Peter Schjeldahl once proclaimed in an art school auditorium that the best way to make it in the art world was to form a group in art school. What he was talking about was the influence and strength and will of the pack in recruiting resources, such as space, materials, an audience, an identity, a brand, and most importantly, an ego. All the above is an easier task with your in-the-same-boat peers than on your ownio. What Schjeldahl was also saying is that you have to become a sheep before you can become a wolf. 

That's not to suggest that groups of artists are a bunch of sheep bumping into electric fences like some wooly brain storm. Some of the most important exhibitions in recent years have been created by groups, such as the original Basic Space Dublin. Participating in groups also helps to define for an individual who they are as an artist. But in the end we all want to be lone wolves, and for the sake of art and criticism we need lone wolves. 

But I am just wondering here how much collective and collaborative art-making and exhibition-making is at the expense of the individual? What is sacrificed and gained in the exchange between the individual and the supportive peer-group? I would say a lot is gained considering the individual artists that have emerged from Basic Space. But there has to be loss too.

Feelings of doubt and fear and isolation are often times missing in the collective, curated and collaborative art exhibition, which naturally places an emphasis on the socialisation of art above the critical isolation of the individual artist. I wrote in 2011 that art now revolves around "existing in collective scenarios wherein the production of the art object (or emergence of an individual artist for that matter) has been sacrificed for an experiential group encounter or process".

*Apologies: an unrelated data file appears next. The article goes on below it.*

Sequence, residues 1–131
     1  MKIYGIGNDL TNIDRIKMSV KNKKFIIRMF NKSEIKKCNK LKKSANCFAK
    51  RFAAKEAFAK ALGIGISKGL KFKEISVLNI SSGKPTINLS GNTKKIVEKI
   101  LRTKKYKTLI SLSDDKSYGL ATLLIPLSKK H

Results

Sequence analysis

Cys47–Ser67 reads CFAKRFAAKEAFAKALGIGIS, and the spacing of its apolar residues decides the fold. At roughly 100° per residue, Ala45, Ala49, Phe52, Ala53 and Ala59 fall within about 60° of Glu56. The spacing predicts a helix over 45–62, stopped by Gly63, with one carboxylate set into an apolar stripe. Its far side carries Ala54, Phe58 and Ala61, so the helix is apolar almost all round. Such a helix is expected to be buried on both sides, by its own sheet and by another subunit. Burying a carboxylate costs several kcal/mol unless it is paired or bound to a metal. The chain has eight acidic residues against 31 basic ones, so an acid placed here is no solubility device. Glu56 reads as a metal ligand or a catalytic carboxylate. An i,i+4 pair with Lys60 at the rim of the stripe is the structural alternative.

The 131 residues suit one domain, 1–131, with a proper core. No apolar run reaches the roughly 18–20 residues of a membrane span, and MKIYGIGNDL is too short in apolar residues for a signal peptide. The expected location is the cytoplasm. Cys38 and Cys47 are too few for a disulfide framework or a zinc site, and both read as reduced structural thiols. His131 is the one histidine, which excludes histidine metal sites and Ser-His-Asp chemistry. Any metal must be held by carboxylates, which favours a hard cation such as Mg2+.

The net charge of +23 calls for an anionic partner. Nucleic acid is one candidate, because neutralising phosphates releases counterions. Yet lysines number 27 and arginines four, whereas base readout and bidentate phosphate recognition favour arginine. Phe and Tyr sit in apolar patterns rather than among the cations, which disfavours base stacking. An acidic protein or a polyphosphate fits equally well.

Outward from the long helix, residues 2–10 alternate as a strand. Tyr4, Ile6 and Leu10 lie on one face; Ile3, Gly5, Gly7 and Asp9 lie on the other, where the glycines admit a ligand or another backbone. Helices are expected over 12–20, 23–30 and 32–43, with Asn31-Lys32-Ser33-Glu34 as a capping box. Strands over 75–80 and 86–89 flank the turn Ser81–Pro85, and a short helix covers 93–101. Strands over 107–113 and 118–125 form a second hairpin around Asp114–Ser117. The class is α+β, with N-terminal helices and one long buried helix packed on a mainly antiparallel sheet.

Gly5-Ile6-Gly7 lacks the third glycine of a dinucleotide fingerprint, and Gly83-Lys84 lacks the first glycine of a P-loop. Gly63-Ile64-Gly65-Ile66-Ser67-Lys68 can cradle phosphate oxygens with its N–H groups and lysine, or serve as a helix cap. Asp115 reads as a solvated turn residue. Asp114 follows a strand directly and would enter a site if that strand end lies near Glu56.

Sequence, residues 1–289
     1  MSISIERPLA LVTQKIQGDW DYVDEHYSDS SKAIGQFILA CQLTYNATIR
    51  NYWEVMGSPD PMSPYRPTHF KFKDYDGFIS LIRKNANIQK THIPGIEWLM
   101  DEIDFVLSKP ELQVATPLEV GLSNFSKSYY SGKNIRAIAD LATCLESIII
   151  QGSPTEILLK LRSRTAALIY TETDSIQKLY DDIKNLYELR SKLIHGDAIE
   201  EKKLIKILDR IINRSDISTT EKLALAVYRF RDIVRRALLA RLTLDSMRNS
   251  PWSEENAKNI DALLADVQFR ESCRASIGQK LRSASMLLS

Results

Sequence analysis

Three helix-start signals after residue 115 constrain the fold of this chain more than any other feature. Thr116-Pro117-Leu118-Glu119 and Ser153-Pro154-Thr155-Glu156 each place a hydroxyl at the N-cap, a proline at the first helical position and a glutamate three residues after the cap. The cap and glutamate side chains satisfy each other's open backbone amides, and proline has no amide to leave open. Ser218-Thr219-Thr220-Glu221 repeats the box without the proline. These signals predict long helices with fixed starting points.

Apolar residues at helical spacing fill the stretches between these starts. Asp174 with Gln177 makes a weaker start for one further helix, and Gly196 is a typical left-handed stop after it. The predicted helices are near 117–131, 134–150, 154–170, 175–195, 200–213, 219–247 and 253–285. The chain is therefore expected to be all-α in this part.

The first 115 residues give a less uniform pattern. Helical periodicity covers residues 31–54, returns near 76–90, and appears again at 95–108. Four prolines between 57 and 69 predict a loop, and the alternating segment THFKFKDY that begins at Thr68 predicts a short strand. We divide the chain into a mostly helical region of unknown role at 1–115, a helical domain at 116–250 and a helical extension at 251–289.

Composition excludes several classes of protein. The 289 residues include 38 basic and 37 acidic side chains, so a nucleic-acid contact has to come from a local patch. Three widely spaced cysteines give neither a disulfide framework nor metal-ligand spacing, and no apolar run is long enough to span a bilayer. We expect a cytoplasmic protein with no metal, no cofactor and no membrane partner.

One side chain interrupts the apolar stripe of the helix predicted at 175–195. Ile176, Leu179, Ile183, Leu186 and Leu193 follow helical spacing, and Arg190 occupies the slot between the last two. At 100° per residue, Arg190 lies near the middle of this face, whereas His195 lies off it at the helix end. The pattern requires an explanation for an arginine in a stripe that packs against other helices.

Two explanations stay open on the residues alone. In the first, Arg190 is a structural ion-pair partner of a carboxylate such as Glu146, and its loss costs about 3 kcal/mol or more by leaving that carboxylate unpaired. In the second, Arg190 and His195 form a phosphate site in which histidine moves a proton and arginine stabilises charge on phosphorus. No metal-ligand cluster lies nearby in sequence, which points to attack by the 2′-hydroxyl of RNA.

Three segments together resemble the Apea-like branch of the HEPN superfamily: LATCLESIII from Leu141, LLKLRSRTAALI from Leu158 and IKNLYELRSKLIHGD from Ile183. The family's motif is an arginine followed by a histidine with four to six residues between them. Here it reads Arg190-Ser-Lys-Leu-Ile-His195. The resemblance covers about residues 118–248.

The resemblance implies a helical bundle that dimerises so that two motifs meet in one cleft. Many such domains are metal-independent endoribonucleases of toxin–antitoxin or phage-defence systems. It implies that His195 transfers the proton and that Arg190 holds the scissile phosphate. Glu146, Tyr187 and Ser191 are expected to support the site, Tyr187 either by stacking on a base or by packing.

Counter to the group encounter and process are the rare solo exhibitions by individual Basic Spacers over the last five years. I was at a loss for words when I first experienced Daniel Tuomey's awkward articulations on paper, timber and film at Dublin’s Talbot Gallery & Studios in 2013. There was a coyness and struggle to it all that felt honest and unique, as if Tuomey was trying to grapple with the world with no voice, no hands, no feet. It was pure philosophy as image. More words, I thought, would only spoil the silence of this struggle. 

Tom Watt's struggle has always been individualistic, standing out from his Basic Space peers as someone concerned with escaping the institution of art space rather than commandeering it, like Andreas von Knobloch brilliantly did at Mermaid Arts Centre this year. In 2013 Watt escaped his shared flat on Dublin's north side in a video installation that saw Watt and von Knobloch exit their accommodation through the roof, make their way along the slated valleys and gutters, and then climb down a wooden-rung rope-ladder into a neighbouring vacant and derelict Georgian townhouse. (read my full review here). 

More recently von Knobloch and Fitz have come into their own as individual artists: Fitz in a short-lived solo in Studio 6 of Dublin's Temple Bar Gallery & Studios, what was a colourfully topsy-turvy-threatening display; and von Knobloch in a similarly colourful and dynamic unlocking of the architectonic nightmare that is Mermaid Arts Centre (read my full review here).